This organization is working to preserve medicinal plant knowledge of indigenous cultures. Its first project was in Peru, working in the Amazon basic and high Andes. Dera St. Claire, M.H., leads ecological expeditions to their 6000 acre botanical preserve in northeastern Peru. Sustainable Village provided the Project with tools and solar panels.
Since 2010, the Green World Campaign has planted 4 million biodiverse native trees, provided eco-education to over 20,000 students and farmers, started a youth-led ‘Trees for Peace’ movement, and established the Eco-Pesa—a voucher system that promotes trade and creates new sources of income from ecologically and socially beneficial enterprises. They have also introduced sustainable practices like “green” charcoal made from agricultural waste (to replace trees cut for firewood), clean low-carbon cook stoves, rainwater catchment systems, and drip irrigation. Sustainable Village started supporting this organization by donating solar lanterns. We have recently connected Green World with Boulder-based herbal remedy company, WishGarden Herbs, with hopes that they will become their primary moringa supplier.
We supplied gravity watering systems for 500 small farmers in Haiti. Women and children were spending most of their day hauling water, and inefficiently irrigating by dumping it onto the soil. With our inexpensive systems, they only had to make one trip and the water would last several days. The reservoirs irrigate through lengths of BluSoak drip tape, which release water very slowly. This slow drip enables the moisture to penetrate deeper to the root-level as opposed to being wasted due to runoff.
Legacy Foundation founder Richard Stanley has pioneered, invented tools, and promoted the use of briquette making for over 25 years. This premier appropriate technology saves trees, prevents erosion, and desertification by providing a practical alternative to wood for heating and cooking. It substitutes agricultural waste like hulls, husks, corn stocks, grass, leaves, food and animal waste into a more clean burning and less environmentally compromising fuel source. We started working with Richard more than 15 years ago, printing educational manuals and assisting with outreach. Recently Sustainable Village started a new project with him to test hemp hurd as a component in these briquettes.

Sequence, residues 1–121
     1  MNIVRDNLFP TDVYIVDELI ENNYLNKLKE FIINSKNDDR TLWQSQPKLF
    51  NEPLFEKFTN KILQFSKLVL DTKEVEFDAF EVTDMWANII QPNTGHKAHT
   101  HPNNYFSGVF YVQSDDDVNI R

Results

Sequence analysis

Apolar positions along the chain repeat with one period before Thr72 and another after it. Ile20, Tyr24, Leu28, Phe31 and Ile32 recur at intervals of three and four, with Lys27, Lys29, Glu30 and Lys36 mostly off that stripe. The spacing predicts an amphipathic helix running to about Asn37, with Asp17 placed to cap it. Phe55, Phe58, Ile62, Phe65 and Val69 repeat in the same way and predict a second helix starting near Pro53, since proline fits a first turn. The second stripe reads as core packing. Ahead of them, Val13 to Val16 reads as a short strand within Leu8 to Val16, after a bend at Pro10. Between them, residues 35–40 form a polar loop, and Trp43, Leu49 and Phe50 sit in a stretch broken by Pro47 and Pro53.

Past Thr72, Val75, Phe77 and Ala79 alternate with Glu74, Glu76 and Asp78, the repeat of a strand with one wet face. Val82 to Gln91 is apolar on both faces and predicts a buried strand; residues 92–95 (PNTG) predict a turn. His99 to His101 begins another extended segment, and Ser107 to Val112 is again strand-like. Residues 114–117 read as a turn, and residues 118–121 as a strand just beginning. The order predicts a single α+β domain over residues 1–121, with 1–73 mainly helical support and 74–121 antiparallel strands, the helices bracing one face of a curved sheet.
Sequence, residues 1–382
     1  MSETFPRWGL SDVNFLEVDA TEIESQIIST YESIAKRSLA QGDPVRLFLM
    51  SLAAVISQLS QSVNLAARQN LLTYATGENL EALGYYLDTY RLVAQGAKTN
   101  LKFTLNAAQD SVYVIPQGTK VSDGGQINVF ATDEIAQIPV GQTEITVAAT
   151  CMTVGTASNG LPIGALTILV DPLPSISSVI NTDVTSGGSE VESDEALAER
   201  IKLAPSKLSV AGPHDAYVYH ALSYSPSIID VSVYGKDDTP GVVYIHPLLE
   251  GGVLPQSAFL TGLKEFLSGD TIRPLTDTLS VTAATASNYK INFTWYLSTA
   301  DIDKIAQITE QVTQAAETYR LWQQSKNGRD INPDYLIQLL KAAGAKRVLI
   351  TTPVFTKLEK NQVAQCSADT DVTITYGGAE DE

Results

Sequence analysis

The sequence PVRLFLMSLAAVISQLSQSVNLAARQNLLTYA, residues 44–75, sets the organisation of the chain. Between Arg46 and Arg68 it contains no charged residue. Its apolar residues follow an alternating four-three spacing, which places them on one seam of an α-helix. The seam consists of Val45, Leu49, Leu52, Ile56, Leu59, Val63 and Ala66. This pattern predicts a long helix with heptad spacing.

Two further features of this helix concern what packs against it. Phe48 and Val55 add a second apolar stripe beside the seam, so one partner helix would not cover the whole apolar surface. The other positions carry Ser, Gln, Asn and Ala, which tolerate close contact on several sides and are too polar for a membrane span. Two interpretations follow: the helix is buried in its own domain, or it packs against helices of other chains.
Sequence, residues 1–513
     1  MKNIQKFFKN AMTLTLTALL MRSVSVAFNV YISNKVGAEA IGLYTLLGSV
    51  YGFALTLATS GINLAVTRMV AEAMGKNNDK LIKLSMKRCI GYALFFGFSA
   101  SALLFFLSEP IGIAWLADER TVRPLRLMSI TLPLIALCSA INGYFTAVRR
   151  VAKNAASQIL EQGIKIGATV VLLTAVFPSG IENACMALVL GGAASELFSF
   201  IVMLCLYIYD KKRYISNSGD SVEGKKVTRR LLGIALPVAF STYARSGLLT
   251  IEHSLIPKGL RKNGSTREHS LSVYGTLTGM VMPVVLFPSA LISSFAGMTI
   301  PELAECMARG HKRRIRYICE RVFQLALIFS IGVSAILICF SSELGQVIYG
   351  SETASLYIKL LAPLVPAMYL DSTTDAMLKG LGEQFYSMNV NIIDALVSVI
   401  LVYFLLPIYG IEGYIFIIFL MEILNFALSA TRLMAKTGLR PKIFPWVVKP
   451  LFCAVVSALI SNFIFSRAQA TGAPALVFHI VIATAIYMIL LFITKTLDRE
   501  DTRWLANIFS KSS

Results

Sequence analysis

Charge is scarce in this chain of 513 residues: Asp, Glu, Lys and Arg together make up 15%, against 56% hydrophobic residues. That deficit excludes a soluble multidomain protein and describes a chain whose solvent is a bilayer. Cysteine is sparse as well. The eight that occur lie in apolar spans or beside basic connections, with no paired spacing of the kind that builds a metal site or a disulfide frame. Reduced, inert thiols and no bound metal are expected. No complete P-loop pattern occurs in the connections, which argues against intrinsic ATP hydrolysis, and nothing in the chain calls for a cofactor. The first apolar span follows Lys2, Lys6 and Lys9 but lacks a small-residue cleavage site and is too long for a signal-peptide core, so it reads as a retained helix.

This goji berry farm in Boulder, CO, serves as an educational site for students of the American Institute of Integrative Herbalism. It also became a basecamp for community outreach and conservation center for medicinal plant seed. We donated, designed and installed a highly efficient Growstream irrigation system. Growstream is an innovative drip tape technology that responds to the plant’s roots, and only gives water when the plant asks for it.
A group of artists, scientists, agroecologists, gardeners and educators created Carbon Sponge, a project that researches the potential for urban soils to sequester carbon, decrease greenhouse gases and build healthy soil. We designed an automatic Blumat irrigation system for their exhibit/experiment at the New York Hall of Science.
Working as an agriculture and family services extension agent in Alaska, Anna uses social media platforms to engage her local community, connect them with food resources, and provide education about gardening and home food production. We donated an irrigation system for her to give to her community in a giveaway campaign on social media. Many Alaskans are away from home for long periods of time fishing and hunting and automatic Blumat irrigation enables them to maintain a garden and supplement their diet with fresh vegetables.